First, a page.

Women in Medicine Fighting COVID-19: Nathalie Zeitouni, MD
In honor of this year’s Women in Medicine and Science month, the University of Arizona College of Medicine – Phoenix has asked a few faculty to share their inspiring stories and work that is helping our community through the coronavirus pandemic.
Meet Nathalie Zeitouni, MD
To help dermatologists manage their practice and care for patients during the coronavirus pandemic, Nathalie Zeitouni, MD, FAAD, and collaborators across the country provided their perspectives on the recommendations for treating skin cancers, which were published in the Journal of the American Academy of Dermatology.
Dr. Zeitouni is a professor in the Department of Dermatology at the University of Arizona College of Medicine – Phoenix and a board-certified dermatologist and fellowship-trained Mohs surgeon at U.S. Dermatology Partners.
Describe your experience working during the pandemic.
In the beginning, it was really challenging, because we all had to very quickly adjust to a situation we had never experienced. We had to figure out if we could stay open, which we did; how many patients could we see during a day; what were the best ways to keep our patients, providers and staff safe; and how to better incorporate telemedicine into our practice. The transition period was the most challenging in terms of logistics, but once we had a plan, then we were able to proceed with it, and it worked out well.
What advice or words of encouragement do you have for other physicians during this time of uncertainty?
My advice for physicians is to remain focused as much as possible on what we do, which is to take care and support patients. Reassure patients that we are still here for them, we are open, we will take care of them and make their visit as safe as possible. As physicians, if we keep the focus on patient care and taking care of each other, then we will get through this situation.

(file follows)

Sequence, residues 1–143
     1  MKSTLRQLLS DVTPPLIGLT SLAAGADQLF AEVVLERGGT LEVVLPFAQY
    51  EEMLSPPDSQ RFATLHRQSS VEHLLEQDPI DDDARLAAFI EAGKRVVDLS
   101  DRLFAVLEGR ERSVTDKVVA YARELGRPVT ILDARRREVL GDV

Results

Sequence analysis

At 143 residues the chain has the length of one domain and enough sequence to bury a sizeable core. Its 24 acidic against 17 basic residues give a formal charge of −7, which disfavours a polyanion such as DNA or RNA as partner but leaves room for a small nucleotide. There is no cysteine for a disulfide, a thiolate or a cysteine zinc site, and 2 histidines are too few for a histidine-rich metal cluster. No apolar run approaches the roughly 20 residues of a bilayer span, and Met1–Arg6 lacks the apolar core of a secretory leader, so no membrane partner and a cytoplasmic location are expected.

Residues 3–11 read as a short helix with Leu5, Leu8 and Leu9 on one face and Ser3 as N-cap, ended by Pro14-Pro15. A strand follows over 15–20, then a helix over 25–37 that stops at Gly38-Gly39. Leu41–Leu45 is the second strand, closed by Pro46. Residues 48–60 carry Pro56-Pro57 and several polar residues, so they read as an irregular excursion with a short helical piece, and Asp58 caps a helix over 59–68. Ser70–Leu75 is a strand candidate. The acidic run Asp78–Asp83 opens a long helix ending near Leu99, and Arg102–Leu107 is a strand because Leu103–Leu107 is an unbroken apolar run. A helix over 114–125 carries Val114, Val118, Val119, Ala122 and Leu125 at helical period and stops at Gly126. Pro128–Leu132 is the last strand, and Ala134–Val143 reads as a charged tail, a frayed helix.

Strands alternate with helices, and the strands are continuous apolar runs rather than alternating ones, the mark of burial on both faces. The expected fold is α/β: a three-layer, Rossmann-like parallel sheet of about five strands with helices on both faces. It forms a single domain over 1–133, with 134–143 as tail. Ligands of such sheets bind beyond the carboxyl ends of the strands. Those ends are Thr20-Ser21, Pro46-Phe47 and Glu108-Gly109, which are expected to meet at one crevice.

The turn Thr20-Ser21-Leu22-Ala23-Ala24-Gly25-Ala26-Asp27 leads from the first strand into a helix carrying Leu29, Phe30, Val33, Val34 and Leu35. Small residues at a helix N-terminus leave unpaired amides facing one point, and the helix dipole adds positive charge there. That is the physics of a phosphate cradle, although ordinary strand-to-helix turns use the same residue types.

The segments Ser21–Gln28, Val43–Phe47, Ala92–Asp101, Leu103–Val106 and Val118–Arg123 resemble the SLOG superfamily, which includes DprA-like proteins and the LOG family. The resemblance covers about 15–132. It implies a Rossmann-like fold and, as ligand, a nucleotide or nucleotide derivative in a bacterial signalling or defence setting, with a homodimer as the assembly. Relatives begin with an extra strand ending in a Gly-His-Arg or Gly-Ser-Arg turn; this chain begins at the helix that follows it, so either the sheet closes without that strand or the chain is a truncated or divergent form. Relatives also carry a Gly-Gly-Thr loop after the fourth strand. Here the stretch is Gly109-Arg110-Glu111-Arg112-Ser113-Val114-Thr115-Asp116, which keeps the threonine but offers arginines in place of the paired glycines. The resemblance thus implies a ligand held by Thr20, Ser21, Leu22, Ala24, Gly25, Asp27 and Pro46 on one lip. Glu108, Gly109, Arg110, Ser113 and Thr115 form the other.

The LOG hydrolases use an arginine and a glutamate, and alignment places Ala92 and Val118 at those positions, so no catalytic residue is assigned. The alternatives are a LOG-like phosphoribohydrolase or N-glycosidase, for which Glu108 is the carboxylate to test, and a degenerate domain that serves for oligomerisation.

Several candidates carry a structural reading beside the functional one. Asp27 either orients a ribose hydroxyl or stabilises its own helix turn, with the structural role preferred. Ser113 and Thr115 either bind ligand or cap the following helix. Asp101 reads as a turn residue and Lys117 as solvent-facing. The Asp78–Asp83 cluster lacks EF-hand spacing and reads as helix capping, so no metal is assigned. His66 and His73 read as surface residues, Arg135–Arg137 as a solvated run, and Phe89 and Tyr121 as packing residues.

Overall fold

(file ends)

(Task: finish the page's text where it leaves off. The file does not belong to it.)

What would you like the community to know about your work during this time as a woman in medicine and science?
I’d like the community to know that our commitment to excellent patient care hasn’t changed. We are still here; we are still highly committed to our patients; and we are doing everything possible. We are also continuing to teach, mentor and do clinical research. We feel grateful for our wonderful patients and all our amazing medical team.
What does your day-to-day look like right now?
My day is very much the same in terms of procedures, but some things have changed. There has been changes in PPE, to ensure our patients and physicians and staff remain safe. Due to the virus, we are gowned, wearing masks and face shields, we can’t shake hands or hug patients, but we try to spend more time with each patient to reassure them and hear their stories and feelings regarding the pandemic.
Describe your recent publication relating to COVID-19.
A lot of my research focuses on skin cancer in terms of treatment and prevention. Specifically, how can we optimize management and find new ways to combine therapies for improved outcomes. This specific article published in the Journal of Academy of Dermatology was a multi-institute effort from dermatologists and Mohs surgeons who see skin cancer patients. We were in different parts of the country and were in somewhat different situations at that time. Some of us were hit harder with the coronavirus, some were in academic medical centers, and others were in private practice. We all came together to discuss how we were dealing with the pandemic and share our perspectives on recommendations and advice to best serve patients and the community during this time. At the end of the day, a lot of it depends on the individual patient and physician; however, it’s important to have some type of general guidelines during this time.
About the College
Founded in 2007, the University of Arizona College of Medicine – Phoenix inspires and trains exemplary physicians, scientists and leaders to optimize health and health care in Arizona and beyond. By cultivating collaborative research locally and globally, the college accelerates discovery in a number of critical areas — including cancer, stroke, traumatic brain injury and cardiovascular disease. Championed as a student-centric campus, the college has graduated 593 physicians, all of whom received exceptional training from nine clinical partners and more than 2,400 diverse faculty members. As the anchor to the Phoenix Biomedical Campus, which is projected to have an economic impact of $3.1 billion by 2025, the college prides itself on engaging with the community, fostering education, inclusion, access and advocacy.